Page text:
We had taken care of removing the old countertops ourselves, but I used a local cabinet shop for fabrication and installation of the new ones. They did a super job, although I expected that having done business with them in the past. But the net was useful for reviewing their initial bid regarding pricing and material selection. Having information so readily available is a huge advantage in tackling remodeling project now, compared to 20 or 30 years ago. Dozens of trips to the library and/or lumber yard back then wouldn't have held a candle to what can be learned in minutes now.
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Old 04-21-2015, 03:03 PM   #6
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We're in the middle of adding a 2nd bathroom to our house. The bathroom is below our sewer line, so we need a sump pump/tank. The plumber we hired for the project has been wearing us down. I'm at the point where I have to double check everything they do to make sure it's ok. The problem was with the crew. They are young, sloppy, and don't have the supervision they should. We've fixed that problem and it's better, but it should never have been a problem for us to solve.

My take with contractor's is that you really have to watch what they are doing, otherwise they'll slap it together and consider it good.

As for the Internet, it's made our job much easier. Whenever I'm not sure how something should be done, I can find a YouTube video and see it done by a pro. And for ordering supplies, our tile ready shower pan came today from the other end of the country. A bit pricier than building your own, but since I'll install it myself, I don't mind spending extra if it makes my job easier. Next on the list is to get the shower valve ordered, plus all the fixtures, etc. I won't even bother with the big box home improvement stores. We might look at some local stores to get ideas, but most likely order online.

I only wish I didn't have a day job, otherwise I'd get a lot more done.
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Old 04-21-2015, 03:36 PM   #7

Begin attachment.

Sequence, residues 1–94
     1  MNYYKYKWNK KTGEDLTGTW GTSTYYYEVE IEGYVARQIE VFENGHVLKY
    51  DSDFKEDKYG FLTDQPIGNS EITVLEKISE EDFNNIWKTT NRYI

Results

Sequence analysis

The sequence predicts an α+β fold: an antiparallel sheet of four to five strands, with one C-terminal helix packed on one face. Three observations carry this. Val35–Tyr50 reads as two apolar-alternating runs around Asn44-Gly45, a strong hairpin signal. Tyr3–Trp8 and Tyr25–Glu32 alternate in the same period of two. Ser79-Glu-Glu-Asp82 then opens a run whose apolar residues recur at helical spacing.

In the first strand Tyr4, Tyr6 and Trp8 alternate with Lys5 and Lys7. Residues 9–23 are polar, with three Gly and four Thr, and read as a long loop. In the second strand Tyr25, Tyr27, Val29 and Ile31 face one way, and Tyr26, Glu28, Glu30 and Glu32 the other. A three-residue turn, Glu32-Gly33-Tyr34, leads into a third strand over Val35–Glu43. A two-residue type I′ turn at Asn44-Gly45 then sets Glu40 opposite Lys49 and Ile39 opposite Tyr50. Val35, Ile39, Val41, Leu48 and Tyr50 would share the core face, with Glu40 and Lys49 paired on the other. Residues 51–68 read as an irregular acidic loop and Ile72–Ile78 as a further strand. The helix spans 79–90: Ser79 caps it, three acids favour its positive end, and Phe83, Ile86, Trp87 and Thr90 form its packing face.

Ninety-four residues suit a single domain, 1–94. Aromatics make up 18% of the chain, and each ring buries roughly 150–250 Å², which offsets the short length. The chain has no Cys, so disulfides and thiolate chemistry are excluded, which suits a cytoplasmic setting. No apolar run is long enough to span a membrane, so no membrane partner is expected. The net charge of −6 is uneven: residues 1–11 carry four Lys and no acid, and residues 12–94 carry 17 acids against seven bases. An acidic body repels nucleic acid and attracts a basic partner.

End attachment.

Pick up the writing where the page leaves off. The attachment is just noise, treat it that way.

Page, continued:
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My daughter and I were remodeling my ex-wife's house after she passed away. Daughter inherited it as she is the only child. As part of a large remodel, we were going to tile the kitchen and family room floor using a contractor to do the tile laying.

Fortunately, the contractor is a personal friend of mine and agreed to use Home Depot tile (against his recommendation, however). Daughter had found a tile she liked at HD and really wanted to go with it. This was a big job and required near 800 square feet of tile.

Well, the contractor placed the tile order with HD and there were delays as no one location had enough to supply the required amount. Eventually, he picked up the order at a local HD and started the job. About 1/2 way into the tile laying, the contractor stopped the job and had me look at the tiles. Seems like HD rounded up several DIFFERENT LOTS of tile to make up the order. This was not evident unless you deciphered the codes on the tile boxes. The tiles were not only different in color tone, but some were not exactly the same size!! Where the heck did they get this stuff??

Well, we ripped up the tile and went to HD and got with the manager. He was not supportive and said the tile order was accumulated by a lady in "headquarters". We finally got her on the phone and she was rude and literally told us that it was not her fault. Well, after quite a scene, HD "ate" the tile and gave us new tile (that DD had to re-select) and compensated the contractor for 20 bags of thinset and some of his time. What a mess. never again will I use a big box store for anything other than a can of paint or a fitting. (Oh, on fittings...try to buy 5/16" hydraulic fittings at HD...not. Ace Hardware has those.....)

BTW, we bought our two new toilets recently online and I installed them replacing 15 year old units.
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Old 04-21-2015, 04:24 PM   #8
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Rodi - Sounds like a fun project & congrats on the free delivery! We're moving slowly on a bath remodel (hopefully not down to the studs). DW saw some some flooring she liked and ordered it. I drove 2 hours to pick it up. Then drove it home and carried all the pieces into the basement for storage. DW comes home and says "It's the wrong tile". I carried it all back out to my truck and drove it back 2 hours to the warehouse. Then a month or so later, I drove back to the warehouse to pick up the new load, and repeated the the basement storage process. Someday I'll have to bring it upstairs and install it. Maybe this fall.
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Old 04-21-2015, 05:21 PM   #9
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After reading all this I'm not going to remodel anything. I'll sell the place "as is" or burn it down.